This article examines how the splitting of counties into multiple congressional districts affects citizens' abilities to recall House candidates, turnout, roll off their congressional vote, and cast straight-ticket ballots. We demonstrate that while voters living in the "short end of the split" are less likely to recall their House candidates, they do behave similarly at the ballot box to voters drawn into districts containing their natural community of interest. Our results suggest the Supreme Court's traditional focus on population equality across congressional districts might be more appropriately administered in concert with respect for natural communities of interest such as counties.
Keywords: American politics; elections; voting behavior
Why do people vote? What is more, how do legal, institutional, and political measures affect the races that people vote in and the candidates for whom citizens select to represent them on Election Day? Barrels of scholarly ink have been spilled bringing evidence to bear on these central questions of democracy (see Blais 2006 for a review; see Wolfinger and Rosenstone 1980 and Downs 1957 for seminal analyses in American politics). The substantial amount of work addressing these issues typically focuses on individual-level factors, like race (Canon 1999) and gender (Timpone 1998), or institutional factors, such as voting registration laws (Wolfinger and Rosenstone 1980) and the type of electoral system in question (Downs 1957). More recently, scholars are exploring how one particular factor, constitutionally mandated reapportionment and redistricting, affects these important issues (McDonald 2007; Mann and Cain 2005; Lublin 1997). Still, systematic examinations of redistricting's role in voting tend to focus on (1) electoral outcomes, that is, who wins: incumbents, men, women, or racial/ethnic minorities; and (2) partisan effects: the size of the margin that parties win by after reapportionment.
Too often ignored, in our view, are the potential effects that redistricting has on the voters themselves especially in terms of voter information, turnout, and behavior (for a notable exception, see Niemi, Powell, and Bicknell 1986). While concerns about whether uninformed voters wreak havoc on democracies have long animated political science research from Berelson, Lazarsfeld, and McPhee (1954) to Lupia and McCubbins (1998), they just have not focused on redistricting.1 We believe that one way to usefully improve our understanding of factors explaining both who votes and whom people vote for is to synthesize factors influenced by redistricting with issues concerning the acquisition of political information. In this article, we seek to explain how redistricting affects candidate recall, voter turnout, roll-off,2 and split-ticket voting in U.S. House elections. We assert that the most relevant aspect of redistricting that can help us gain purchase on these questions centers on the degree to which a congressional district's boundaries respect what are known in legal circles as natural communities of interest.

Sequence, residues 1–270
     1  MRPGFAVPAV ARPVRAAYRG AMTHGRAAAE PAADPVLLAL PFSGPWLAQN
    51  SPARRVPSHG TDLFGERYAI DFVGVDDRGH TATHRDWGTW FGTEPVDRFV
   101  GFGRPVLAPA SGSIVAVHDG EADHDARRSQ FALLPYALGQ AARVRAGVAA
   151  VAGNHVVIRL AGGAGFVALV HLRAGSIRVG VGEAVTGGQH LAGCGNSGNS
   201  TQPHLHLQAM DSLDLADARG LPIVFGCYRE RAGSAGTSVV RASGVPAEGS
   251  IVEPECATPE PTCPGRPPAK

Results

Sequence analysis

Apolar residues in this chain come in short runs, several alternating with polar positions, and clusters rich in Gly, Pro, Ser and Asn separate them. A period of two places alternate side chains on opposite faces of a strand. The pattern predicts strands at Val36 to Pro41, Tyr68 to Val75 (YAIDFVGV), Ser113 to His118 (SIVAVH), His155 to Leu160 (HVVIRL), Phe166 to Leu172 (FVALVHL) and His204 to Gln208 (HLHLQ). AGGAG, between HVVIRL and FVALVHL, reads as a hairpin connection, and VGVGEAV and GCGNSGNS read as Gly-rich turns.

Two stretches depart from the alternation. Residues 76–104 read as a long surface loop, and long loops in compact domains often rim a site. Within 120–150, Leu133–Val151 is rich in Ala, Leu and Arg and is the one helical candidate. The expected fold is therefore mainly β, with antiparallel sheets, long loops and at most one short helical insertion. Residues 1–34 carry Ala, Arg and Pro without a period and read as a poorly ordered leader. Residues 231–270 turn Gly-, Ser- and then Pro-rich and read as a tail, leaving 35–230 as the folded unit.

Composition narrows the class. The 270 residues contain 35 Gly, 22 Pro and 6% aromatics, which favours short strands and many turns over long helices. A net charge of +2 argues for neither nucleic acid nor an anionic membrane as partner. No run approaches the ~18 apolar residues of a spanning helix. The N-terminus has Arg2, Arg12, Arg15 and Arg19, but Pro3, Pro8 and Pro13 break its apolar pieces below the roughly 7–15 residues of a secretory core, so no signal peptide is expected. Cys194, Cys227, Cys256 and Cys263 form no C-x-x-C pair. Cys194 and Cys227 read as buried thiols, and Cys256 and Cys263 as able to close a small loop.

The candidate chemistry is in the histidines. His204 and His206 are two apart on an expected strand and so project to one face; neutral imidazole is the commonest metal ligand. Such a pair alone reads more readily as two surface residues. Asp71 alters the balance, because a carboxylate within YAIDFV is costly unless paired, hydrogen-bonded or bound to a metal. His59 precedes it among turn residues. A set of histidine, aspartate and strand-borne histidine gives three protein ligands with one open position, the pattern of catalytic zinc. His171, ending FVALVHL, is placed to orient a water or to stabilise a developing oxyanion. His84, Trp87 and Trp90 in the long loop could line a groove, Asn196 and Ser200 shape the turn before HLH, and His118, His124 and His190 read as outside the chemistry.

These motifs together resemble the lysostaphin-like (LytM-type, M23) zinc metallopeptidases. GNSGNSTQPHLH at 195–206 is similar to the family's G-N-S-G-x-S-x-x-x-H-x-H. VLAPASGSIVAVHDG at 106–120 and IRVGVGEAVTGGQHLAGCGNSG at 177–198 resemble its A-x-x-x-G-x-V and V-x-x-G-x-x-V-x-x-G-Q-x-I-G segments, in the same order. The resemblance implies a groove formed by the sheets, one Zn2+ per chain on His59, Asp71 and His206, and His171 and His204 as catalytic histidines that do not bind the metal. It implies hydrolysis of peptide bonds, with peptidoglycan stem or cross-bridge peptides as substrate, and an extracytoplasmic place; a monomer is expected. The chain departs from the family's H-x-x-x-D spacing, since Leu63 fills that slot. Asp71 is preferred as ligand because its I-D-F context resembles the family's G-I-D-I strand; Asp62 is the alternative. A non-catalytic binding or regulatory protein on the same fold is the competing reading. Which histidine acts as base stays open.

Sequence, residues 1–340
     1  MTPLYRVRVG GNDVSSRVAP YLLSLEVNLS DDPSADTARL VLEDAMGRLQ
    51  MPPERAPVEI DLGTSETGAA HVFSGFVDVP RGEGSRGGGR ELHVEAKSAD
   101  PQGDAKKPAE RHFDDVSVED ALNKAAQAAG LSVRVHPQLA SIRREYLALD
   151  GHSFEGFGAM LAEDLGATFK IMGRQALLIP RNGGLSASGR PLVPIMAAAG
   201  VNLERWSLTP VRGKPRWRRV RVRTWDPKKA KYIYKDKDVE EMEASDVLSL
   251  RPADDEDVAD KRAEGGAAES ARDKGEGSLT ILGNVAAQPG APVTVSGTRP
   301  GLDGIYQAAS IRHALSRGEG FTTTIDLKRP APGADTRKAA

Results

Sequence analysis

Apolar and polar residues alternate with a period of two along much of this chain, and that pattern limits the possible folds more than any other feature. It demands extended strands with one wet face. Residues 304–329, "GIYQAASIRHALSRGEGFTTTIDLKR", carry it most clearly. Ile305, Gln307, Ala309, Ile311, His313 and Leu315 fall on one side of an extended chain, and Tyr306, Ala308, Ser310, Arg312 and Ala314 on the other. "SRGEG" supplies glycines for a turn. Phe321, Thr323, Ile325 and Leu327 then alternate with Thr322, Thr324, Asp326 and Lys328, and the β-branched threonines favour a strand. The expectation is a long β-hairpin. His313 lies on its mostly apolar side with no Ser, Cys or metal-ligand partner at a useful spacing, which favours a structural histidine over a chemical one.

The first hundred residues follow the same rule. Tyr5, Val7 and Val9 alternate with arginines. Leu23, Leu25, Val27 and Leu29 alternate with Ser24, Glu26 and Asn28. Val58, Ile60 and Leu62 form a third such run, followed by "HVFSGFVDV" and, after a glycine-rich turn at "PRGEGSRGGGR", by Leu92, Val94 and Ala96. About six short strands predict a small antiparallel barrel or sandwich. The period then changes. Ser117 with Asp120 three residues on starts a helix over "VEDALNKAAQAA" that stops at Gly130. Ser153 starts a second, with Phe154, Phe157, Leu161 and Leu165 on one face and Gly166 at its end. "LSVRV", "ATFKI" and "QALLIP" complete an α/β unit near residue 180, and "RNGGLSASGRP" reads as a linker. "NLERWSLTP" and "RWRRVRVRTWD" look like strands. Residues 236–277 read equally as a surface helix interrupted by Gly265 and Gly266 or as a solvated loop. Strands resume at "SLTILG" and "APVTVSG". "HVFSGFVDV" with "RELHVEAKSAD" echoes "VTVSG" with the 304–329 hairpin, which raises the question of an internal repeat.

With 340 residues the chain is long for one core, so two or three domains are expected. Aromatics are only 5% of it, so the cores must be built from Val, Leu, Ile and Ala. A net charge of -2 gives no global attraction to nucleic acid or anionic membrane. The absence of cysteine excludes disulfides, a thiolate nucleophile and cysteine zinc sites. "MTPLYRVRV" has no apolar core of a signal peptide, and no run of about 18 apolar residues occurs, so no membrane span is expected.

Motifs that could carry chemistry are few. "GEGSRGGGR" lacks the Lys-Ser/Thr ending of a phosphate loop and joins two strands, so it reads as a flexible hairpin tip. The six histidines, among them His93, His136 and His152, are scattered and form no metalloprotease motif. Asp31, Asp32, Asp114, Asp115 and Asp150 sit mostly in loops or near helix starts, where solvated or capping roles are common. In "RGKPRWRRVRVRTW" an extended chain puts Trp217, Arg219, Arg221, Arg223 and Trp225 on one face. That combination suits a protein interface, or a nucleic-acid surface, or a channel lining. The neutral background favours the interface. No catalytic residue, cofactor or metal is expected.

In particular, we argue that when the redistricting process carves up natural communities into multiple congressional districts,3 voters in the portion of the natural community of interest that has been redrawn into a different congressional district than the majority of their neighbors are at a distinct informational disadvantage when it comes to learning about their representatives in Congress and, importantly, any challengers to the incumbent's seat. What is more, this potential informational asymmetry may lead these less informed voters to know less about their representative, stay home on Election Day, show up but beg off their congressional vote, or be increasingly likely to rely on partisan heuristics and cast a straight-ticket ballot.
On the one hand, if voters on the short end of the split-so to speak-do vote less, roll off more, or engage in higher levels of straight-ticket voting, some may take comfort in the idea that voters are behaving responsibly, since they are choosing to avoid making a choice when they know very little information about who is on the voters' electoral menu (see Hayes and McKee n. …